It's never too early (or too late) to get your kids involved in making their own lunches. They'll eat better and develop life-skills, and you'll get back a few moments of precious time. It's a win-win all the way around. Read on for 5 easy tips and ideas from this busy mom for setting up and stocking a make-your-own lunchbox station that'll encourage your kids to choose and pack their own school lunches.
When my kids first started school, I was a little ambitious in the lunch-making department. Perhaps I had seen a few too many bento box photos on Pinterest (Have you ever tried to sculpt a ball of cooked white rice to look like Hello Kitty's head? I recommend that you don't). I would craft ham and artisinal cheese pinwheels, skewer berries, pen little love notes onto napkins, and then pack it all up in an eco-friendly lunchbox. It was exhausting.
Yes, there was the satisfaction of knowing my kids would have a colorful respite in the middle of the day when they got to eat food that I lovingly prepared (while still half-asleep and chugging my first of many cups of coffee). But as they got older, I wondered if I was going over the top for them or for me (insert working-mom guilt). I also had an "ah-ha!" moment while volunteering in the school cafeteria as a lunch aide: Kids don't always appreciate the efforts behind the lunchbox masterpiece you labored over. Sadly, much of those custom creations end up untouched, uneaten, or swapped for a pack of Oreos. It's then that I realized that if kids took more ownership over the process of making their own lunch, they might actually eat more of it, instead of deep-sixing it into the trash bin.
So I started with baby-steps. While my son and daughter were in elementary school, I still handled the main dish or protein, while letting them take over the snacks and sides. Then as they got older, I started relinquishing control over the main items in their lunches. In the process, I learned a few tricks for making the lunchbox routine run as smoothly as possible, while also including the family in not just the packing, but also the shopping (because the two must go hand-in-hand). So here are a few tips to get you cracking on that school lunchbox station that will have you surviving back-to-school, and maybe even looking forward to it!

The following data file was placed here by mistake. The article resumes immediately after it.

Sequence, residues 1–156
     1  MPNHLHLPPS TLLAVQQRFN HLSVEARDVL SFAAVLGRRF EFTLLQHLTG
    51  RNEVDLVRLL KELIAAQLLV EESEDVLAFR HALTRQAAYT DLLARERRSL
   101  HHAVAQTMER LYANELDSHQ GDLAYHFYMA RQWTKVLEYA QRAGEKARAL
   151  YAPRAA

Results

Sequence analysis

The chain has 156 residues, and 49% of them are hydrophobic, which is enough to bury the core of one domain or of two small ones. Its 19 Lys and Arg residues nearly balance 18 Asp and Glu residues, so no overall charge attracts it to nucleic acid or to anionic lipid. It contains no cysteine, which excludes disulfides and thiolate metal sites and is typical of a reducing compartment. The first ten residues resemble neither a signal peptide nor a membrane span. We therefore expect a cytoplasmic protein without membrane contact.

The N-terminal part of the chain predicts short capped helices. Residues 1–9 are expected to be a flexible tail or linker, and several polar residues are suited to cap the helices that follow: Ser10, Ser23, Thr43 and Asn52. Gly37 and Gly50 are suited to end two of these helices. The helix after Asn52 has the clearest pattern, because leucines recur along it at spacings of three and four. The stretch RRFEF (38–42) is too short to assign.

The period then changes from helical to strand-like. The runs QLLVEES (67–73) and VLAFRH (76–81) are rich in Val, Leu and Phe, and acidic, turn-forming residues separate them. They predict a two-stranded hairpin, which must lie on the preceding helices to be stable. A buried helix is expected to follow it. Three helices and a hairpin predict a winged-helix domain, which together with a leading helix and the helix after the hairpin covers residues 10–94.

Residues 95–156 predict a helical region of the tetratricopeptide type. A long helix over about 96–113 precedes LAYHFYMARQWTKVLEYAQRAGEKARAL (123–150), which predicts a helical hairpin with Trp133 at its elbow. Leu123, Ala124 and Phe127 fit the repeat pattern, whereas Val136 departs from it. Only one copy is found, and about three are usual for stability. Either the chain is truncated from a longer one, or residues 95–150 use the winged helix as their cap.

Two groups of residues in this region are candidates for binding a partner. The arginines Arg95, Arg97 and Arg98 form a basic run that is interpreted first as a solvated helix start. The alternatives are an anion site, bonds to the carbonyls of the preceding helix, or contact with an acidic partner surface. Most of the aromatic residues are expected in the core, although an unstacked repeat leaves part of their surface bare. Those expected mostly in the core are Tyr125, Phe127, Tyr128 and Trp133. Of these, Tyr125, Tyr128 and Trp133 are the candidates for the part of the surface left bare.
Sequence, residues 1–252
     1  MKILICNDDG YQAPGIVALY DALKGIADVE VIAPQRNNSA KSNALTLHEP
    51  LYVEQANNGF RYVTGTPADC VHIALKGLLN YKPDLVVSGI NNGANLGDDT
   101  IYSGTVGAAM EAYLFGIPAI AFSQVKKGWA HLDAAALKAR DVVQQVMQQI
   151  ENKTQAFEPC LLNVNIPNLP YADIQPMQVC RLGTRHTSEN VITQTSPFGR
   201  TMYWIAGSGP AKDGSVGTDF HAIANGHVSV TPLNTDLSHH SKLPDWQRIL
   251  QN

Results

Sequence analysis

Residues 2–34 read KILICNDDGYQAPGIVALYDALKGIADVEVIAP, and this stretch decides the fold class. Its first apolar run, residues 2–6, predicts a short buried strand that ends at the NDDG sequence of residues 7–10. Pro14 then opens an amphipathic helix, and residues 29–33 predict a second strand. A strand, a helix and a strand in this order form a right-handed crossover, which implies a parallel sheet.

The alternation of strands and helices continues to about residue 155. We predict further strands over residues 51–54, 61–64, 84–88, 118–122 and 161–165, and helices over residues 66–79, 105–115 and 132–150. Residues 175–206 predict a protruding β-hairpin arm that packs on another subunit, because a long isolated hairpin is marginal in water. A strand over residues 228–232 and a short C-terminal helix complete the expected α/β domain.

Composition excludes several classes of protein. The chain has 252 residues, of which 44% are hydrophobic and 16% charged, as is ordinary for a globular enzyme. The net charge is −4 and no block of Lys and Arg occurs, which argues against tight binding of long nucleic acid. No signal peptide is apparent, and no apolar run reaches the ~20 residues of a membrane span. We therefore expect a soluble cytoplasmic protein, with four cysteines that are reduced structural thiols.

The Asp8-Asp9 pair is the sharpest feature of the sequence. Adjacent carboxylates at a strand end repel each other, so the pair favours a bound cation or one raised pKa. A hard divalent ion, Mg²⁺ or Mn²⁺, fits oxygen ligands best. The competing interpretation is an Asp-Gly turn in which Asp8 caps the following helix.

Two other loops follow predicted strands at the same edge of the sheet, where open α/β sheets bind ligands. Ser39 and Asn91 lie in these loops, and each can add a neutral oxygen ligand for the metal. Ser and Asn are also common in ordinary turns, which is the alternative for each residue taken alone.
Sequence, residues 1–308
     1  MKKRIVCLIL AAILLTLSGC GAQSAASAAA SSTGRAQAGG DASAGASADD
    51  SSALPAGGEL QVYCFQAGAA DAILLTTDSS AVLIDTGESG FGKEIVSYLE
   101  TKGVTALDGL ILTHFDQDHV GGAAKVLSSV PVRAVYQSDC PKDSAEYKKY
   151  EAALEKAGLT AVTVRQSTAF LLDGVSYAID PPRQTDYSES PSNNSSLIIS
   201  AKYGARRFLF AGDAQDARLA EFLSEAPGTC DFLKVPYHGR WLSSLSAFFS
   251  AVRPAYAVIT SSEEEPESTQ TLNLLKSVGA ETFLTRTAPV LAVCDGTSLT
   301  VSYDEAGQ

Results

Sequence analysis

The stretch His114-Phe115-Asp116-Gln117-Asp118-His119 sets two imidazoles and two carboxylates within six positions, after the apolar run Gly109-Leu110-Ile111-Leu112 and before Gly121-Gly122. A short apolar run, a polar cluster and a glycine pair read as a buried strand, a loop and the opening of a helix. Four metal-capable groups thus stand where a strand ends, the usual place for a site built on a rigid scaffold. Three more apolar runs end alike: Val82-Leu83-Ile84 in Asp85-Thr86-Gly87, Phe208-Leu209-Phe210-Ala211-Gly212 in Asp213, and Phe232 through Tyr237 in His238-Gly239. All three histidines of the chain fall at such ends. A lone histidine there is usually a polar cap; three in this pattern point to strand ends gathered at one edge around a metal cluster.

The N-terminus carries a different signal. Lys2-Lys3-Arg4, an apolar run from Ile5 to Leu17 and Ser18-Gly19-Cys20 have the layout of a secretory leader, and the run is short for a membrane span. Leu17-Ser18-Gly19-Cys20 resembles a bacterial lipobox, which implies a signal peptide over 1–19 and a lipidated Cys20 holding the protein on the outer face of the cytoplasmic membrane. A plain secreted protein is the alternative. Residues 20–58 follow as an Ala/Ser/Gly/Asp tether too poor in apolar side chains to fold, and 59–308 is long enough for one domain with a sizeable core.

1. Make space in the fridge and pantry.
If you have a walk-in pantry, consider dedicating a shelf to the non-perishable items like snacks, bread, and sweets. If you don't have a pantry, then a couple of shelves in your cupboard will do. Get a few bins to keep lunch stuff organized and separate from non-lunch items (this also helps to keep track of when favorite chips, cookies, or juice boxes are running low) and then post a DIY lunchbox station sheet to remind everyone what to pack and their options. I have my kids pack one item from each of these five main categories:
One Main Dish
One Healthy Snack
Tips to Organize Lunch Bins:
I have a total of 4 ingredient bins for our school lunchbox station. All of the bins can be pulled out when it's time for them to make lunch, then lined up on the counter to make a school lunch packing assembly line.
- Keep one bin in the fridge dedicated just to lunchbox station items, because it's easier to pull out the entire "lunch bin" rather than having your kid rifle through the crisper drawer like a wild raccoon. This bin might have sandwich ingredients like cold cuts, but also perishable snacks like yogurt tubes or cheese sticks.
- Keep fruits and vegetables for lunch in a second bin.
- Keep a third bin in the pantry for lunch sweets and snacks.
- Store non-perishable items used to make main dishes (for example bread, crackers, peanut butter) in a fourth bin.
Ingredient Ideas for School Lunches:
Main: Wraps, bread, condiments, cold cuts, jam and peanut butter; crackers and cheese slices; hummus; ranch dip and crudites.
Fruit: Berries, apples, clementines, watermelon sticks, fruit salad.
Vegetables: Baby carrots, celery sticks, cherry tomatoes, cucumbers, edamame.
Snacks: Veggie chips, pretzels, popcorn, pita chips, yogurt tubes, cheese sticks.